The Import-Substitution Strategy of Economic Development: A Survey

Henry J. Bruton


Over the past several years, the import-substitution strategy
of develop¬ment has been examined in considerable detail by numerous
economists. For the most part, these studies have been concerned with
one or another side of this many-sided approach to development policy.
It now seems useful to review this literature in an attempt to isolate
major themes and arguments and to try to put together a cohesive and
comprehensive picture of where we stand now. This paper is not intended
as a summary of the individual articles and books on import
substitution, but rather is aimed at bringing together the theoretical
issues and the empirical results that not only are of interest in
themselves, but which also seem to add up to something that might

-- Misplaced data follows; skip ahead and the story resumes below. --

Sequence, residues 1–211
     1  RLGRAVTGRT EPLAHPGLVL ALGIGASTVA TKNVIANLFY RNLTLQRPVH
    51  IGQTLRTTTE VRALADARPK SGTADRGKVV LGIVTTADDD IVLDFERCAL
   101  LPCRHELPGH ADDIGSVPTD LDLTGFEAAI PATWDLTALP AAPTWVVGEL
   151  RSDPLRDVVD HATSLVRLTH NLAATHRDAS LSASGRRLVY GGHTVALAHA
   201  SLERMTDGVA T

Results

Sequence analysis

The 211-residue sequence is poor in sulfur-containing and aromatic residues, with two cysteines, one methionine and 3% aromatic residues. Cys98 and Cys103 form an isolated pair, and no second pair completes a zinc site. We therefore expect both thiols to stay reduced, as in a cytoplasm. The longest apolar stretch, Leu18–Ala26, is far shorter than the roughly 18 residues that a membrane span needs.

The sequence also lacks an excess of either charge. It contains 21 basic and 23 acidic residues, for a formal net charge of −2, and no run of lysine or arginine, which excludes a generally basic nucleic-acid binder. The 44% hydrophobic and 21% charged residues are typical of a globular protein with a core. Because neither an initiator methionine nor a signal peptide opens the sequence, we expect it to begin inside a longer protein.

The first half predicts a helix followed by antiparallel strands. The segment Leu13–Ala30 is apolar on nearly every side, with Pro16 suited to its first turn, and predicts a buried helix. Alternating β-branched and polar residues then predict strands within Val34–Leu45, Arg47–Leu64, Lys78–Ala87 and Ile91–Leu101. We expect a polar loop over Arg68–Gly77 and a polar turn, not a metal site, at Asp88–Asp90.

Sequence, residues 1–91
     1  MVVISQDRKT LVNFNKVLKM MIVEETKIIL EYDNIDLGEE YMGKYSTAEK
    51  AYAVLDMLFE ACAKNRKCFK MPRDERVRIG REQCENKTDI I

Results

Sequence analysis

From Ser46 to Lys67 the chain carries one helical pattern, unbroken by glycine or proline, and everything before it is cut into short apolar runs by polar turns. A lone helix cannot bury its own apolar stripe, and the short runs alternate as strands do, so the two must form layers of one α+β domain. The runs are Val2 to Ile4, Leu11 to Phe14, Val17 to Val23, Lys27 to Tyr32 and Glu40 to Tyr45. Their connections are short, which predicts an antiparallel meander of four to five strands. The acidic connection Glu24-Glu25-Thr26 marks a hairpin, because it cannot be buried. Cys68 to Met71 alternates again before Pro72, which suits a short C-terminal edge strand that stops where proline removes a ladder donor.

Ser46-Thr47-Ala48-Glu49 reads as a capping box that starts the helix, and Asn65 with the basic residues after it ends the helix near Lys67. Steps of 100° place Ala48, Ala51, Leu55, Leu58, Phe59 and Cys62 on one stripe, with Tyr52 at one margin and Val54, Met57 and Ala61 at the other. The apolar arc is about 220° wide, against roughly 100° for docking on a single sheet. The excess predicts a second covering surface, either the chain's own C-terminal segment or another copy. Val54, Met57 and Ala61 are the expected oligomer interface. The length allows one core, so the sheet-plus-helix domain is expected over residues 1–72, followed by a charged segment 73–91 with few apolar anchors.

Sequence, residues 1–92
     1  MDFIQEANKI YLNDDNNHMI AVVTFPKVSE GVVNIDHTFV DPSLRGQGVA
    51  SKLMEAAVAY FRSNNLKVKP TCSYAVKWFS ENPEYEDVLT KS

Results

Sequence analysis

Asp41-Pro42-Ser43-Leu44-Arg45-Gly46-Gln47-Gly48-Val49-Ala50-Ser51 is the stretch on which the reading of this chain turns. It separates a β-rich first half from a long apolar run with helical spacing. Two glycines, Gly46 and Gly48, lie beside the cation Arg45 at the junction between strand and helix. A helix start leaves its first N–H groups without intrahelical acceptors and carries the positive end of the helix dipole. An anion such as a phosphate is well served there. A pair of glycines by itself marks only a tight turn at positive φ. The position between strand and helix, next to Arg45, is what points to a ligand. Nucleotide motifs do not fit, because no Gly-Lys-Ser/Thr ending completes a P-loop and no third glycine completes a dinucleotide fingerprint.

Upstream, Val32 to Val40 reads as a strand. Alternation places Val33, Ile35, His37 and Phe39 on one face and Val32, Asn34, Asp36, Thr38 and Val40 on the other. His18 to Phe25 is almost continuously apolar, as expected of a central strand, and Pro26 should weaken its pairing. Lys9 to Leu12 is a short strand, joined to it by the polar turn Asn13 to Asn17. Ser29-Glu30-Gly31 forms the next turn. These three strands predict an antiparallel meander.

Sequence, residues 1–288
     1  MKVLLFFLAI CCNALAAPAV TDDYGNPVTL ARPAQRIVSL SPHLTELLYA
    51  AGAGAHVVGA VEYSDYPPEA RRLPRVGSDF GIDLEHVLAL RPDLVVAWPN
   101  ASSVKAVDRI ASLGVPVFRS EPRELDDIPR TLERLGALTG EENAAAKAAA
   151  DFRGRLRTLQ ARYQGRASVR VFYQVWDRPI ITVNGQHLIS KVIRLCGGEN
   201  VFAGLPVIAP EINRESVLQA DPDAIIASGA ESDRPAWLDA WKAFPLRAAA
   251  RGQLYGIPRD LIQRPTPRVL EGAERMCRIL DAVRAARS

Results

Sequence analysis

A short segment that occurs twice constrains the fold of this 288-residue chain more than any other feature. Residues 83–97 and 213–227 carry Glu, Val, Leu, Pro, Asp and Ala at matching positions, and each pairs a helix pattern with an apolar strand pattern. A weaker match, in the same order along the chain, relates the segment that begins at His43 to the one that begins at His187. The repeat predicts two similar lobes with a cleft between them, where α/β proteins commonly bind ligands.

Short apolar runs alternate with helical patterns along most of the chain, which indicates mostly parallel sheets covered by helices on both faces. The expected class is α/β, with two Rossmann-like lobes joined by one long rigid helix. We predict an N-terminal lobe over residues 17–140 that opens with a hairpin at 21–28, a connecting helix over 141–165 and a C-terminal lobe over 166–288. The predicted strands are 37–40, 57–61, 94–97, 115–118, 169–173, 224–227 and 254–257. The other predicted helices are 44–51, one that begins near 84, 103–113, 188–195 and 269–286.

legitimately be called an approach to development. To do this, I asked
three general questions: 1) what appears to be the essential mechanics
of import substitution as it has been practised in various countries
that have been investigated; 2) what problems have emerged, and why, as
a consequence of the conventional import-substitution (IS) strategy; 3)
what has been found that suggests or leads toward an alter¬native
approach to development that incorporates the good and eliminates the
bad of this conventional approach.

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